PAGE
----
Citigroup Agrees to Pay $2.9m Fine on Shortcomings in Record-Keeping Regulations

Citigroup Inc. has agreed with the Security and Exchange Commission’s (SEC) allegation of non-compliance with record-keeping regulations and consented to pay $2.9m as a civil penalty fine on the bank. 

The SEC accused Citigroup bank’s broker-dealer unit of breaking record-keeping measures to disguise certain expenses they experienced in the supporting businesses. The broker-dealer department has to store and maintain the records of all the company’s debts and properties. To comply with business regulations, companies must detailed records of everything and should disclose companies’ asset and liability position. 

According to the SEC’s investigation, Citigroup did not implement a proper system to maintain record-keeping, and they implemented an uncertified method from 2009 to 2019 to calculate the expenses in their supervision businesses. SEC also stated that Citigroup fixed the percentage of all indirect expenditures. At the end of the year, they divided the permanent “allocation grids” to divide the indirect amount of the expense into a certain price according to the specific categories. After calculating the indirect costs by unethical assessment were then added to a company’s official records.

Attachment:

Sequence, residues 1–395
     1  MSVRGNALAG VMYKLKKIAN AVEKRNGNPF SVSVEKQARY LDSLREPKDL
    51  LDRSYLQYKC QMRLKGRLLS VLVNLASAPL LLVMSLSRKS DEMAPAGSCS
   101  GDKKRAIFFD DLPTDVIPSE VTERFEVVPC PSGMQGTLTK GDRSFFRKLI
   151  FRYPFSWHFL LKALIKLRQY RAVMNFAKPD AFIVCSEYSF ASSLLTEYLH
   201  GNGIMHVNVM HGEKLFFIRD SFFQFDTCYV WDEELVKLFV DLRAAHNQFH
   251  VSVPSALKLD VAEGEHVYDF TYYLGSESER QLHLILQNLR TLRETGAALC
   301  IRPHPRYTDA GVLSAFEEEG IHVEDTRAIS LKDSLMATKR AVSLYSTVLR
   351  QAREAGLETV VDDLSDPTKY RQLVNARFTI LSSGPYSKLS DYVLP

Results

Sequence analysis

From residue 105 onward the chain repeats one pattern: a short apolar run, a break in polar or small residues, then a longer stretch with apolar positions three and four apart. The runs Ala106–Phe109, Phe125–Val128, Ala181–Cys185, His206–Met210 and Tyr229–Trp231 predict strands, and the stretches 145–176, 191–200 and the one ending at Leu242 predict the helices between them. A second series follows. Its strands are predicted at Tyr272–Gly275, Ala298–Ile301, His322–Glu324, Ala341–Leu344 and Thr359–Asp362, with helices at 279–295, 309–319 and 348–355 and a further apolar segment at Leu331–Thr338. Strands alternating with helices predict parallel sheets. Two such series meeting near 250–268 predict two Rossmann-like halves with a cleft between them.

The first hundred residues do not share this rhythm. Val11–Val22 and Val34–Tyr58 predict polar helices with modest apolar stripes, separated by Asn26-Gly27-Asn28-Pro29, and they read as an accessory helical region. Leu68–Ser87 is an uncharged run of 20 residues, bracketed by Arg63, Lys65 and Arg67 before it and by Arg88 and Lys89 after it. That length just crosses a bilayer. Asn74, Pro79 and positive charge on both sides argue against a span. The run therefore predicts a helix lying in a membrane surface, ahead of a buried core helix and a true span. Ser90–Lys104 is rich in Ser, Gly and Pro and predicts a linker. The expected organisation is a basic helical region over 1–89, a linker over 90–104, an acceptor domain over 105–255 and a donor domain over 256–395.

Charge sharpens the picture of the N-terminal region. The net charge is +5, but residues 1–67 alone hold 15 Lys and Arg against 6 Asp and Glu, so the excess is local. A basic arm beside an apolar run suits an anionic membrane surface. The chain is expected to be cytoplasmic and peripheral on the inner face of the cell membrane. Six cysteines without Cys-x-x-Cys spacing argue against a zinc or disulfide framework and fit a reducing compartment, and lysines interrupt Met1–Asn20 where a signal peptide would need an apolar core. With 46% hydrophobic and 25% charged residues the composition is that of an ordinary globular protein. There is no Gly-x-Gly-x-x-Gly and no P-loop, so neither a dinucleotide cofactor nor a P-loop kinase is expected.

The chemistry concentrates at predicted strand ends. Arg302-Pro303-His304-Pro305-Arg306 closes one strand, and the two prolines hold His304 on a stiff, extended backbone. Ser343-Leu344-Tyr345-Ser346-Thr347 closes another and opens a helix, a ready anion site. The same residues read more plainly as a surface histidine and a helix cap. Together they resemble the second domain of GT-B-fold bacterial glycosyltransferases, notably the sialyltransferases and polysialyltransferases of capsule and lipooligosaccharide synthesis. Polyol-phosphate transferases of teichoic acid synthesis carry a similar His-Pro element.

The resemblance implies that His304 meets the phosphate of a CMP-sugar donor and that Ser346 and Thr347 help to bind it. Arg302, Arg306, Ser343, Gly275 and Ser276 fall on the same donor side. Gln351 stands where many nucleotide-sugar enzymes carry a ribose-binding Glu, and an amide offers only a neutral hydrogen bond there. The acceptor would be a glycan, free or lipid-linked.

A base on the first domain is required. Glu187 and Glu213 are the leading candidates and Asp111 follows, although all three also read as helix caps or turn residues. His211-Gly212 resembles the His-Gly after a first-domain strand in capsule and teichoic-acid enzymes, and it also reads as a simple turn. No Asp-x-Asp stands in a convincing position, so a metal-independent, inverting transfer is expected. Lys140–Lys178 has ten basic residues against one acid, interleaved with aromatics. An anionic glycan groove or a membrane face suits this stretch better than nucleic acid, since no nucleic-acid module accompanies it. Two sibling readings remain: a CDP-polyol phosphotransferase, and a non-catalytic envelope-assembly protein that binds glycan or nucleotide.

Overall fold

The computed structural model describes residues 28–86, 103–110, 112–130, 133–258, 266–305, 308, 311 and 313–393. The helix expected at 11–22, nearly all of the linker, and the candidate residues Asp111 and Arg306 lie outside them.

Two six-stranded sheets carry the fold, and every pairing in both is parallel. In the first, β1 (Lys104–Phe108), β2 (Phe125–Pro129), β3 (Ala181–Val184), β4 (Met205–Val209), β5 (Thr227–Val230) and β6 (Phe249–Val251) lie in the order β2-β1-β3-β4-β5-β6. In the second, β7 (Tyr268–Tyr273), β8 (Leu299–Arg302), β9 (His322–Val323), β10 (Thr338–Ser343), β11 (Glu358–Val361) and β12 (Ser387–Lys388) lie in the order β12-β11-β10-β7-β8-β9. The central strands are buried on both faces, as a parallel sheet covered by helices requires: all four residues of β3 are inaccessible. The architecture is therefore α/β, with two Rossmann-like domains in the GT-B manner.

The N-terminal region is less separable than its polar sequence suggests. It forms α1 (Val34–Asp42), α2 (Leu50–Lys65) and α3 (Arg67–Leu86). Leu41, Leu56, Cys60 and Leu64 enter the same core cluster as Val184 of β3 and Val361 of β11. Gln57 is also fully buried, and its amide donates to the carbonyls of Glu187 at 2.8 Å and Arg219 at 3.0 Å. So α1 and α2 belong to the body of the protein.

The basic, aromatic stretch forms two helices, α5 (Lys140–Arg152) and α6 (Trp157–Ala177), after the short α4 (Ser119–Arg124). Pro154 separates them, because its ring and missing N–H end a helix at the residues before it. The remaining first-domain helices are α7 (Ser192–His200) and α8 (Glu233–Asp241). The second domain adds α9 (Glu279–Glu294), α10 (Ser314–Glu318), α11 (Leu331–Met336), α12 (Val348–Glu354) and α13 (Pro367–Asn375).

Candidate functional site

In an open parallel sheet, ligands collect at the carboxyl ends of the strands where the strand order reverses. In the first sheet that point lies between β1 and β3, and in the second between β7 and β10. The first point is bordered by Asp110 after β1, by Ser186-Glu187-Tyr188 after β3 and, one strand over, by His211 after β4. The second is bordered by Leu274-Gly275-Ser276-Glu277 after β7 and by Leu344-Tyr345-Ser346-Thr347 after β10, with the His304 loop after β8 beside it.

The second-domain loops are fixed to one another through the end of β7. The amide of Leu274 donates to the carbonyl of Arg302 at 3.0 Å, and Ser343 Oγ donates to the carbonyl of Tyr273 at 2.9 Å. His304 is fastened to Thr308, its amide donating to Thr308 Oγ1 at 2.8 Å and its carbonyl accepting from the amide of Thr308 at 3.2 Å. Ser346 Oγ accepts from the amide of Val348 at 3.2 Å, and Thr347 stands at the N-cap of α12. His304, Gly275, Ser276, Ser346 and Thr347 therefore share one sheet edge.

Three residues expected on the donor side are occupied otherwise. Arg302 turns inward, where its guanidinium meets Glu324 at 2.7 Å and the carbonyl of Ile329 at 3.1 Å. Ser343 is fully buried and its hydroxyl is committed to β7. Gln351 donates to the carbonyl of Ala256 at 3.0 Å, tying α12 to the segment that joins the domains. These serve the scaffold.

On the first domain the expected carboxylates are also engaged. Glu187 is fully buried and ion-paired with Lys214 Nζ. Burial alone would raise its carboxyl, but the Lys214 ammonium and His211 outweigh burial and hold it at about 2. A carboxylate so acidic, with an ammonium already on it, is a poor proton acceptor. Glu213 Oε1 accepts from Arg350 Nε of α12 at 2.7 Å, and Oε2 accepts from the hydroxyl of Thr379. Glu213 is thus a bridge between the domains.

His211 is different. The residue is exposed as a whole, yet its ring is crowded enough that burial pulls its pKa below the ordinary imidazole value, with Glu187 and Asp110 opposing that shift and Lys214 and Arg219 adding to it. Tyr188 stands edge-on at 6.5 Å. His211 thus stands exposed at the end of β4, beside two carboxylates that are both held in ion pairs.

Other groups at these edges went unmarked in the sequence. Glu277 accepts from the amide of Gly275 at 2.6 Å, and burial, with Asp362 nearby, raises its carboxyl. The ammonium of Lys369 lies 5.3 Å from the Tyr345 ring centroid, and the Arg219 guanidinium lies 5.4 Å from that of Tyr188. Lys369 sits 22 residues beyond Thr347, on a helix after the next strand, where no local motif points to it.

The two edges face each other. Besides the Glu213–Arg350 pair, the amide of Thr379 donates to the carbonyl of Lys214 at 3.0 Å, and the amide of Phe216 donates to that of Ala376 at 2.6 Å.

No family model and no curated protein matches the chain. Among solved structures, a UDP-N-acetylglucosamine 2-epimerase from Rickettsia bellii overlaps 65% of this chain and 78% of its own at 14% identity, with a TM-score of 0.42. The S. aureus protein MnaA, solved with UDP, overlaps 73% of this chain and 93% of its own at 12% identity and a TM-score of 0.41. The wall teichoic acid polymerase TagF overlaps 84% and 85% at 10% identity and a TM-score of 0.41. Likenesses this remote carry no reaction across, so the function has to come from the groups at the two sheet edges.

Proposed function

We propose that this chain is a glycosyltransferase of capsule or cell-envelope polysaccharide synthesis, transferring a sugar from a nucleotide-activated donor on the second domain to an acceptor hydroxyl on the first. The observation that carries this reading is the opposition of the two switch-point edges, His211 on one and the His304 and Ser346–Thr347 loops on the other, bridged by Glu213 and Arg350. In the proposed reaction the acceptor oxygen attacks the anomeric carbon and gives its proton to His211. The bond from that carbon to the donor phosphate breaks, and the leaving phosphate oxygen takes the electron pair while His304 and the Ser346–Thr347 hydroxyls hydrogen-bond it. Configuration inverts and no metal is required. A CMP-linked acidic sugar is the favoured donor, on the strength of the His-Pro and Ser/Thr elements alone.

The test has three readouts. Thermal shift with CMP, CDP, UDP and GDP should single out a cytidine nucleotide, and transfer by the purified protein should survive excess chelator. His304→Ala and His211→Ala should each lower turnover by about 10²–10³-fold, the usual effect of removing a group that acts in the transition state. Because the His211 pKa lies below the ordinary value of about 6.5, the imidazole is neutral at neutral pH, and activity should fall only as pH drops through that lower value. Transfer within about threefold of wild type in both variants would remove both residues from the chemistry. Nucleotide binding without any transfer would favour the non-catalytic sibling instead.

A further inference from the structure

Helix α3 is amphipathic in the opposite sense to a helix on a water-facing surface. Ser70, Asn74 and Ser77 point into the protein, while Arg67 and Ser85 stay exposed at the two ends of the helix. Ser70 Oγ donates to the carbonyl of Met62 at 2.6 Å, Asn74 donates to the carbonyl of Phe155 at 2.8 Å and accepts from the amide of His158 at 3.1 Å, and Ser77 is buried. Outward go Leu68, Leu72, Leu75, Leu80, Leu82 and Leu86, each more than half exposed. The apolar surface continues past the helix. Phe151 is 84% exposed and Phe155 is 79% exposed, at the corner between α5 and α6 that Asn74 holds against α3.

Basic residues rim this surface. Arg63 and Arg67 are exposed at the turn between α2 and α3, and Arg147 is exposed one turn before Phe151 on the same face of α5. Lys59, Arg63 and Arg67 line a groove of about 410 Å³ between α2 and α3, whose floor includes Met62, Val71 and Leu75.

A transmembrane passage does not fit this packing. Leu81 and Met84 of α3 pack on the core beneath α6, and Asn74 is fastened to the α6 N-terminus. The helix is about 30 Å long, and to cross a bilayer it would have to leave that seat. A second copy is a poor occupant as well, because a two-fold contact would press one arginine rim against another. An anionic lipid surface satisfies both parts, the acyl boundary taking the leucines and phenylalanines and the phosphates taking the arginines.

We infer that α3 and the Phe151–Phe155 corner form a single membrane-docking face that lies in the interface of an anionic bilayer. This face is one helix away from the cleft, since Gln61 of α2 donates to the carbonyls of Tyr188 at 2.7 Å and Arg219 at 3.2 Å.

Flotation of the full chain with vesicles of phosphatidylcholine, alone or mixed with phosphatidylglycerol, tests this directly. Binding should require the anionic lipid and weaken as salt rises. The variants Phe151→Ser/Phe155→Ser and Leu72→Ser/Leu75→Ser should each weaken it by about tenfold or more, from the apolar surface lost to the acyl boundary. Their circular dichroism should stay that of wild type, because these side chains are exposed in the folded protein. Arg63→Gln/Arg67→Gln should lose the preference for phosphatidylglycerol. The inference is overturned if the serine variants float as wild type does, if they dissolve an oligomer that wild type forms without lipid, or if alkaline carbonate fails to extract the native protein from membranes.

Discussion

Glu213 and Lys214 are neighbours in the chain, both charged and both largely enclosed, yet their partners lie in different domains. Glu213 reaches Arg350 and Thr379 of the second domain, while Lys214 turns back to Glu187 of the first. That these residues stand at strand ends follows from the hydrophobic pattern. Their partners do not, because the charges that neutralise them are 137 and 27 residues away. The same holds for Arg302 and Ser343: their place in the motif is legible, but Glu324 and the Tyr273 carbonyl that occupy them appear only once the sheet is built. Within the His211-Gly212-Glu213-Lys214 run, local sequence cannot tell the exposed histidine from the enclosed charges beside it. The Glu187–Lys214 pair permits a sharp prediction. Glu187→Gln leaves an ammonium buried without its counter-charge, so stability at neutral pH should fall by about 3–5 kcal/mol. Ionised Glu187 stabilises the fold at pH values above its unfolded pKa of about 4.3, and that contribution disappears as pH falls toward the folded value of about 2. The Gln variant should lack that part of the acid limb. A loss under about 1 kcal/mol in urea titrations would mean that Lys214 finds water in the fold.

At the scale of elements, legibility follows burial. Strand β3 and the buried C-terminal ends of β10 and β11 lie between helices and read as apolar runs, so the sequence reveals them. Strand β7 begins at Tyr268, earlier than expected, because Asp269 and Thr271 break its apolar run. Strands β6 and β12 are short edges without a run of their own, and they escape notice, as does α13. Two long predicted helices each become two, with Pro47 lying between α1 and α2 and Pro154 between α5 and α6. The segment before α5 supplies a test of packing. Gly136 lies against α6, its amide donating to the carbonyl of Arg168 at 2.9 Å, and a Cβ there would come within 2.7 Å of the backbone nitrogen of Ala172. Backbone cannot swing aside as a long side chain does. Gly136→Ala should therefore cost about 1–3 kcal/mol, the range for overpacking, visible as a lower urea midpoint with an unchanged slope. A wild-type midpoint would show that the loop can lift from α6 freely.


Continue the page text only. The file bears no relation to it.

Sanjay Wadhwa, the director of the SEC’s Division of Enforcement, “Recordkeeping failures such as these, perpetuated over at least a decade, can undermine the viability of those functions. The SEC will continue to vigorously enforce the books and records provisions of the federal securities laws, which are crucial to well-functioning markets.” An investigation like this on companies enhances their operational system and leads to bolstered monitoring by compliance with regulatory authorities. Continue reading “Citigroup Agrees to Pay $2.9m Fine on Shortcomings in Record-Keeping Regulations”

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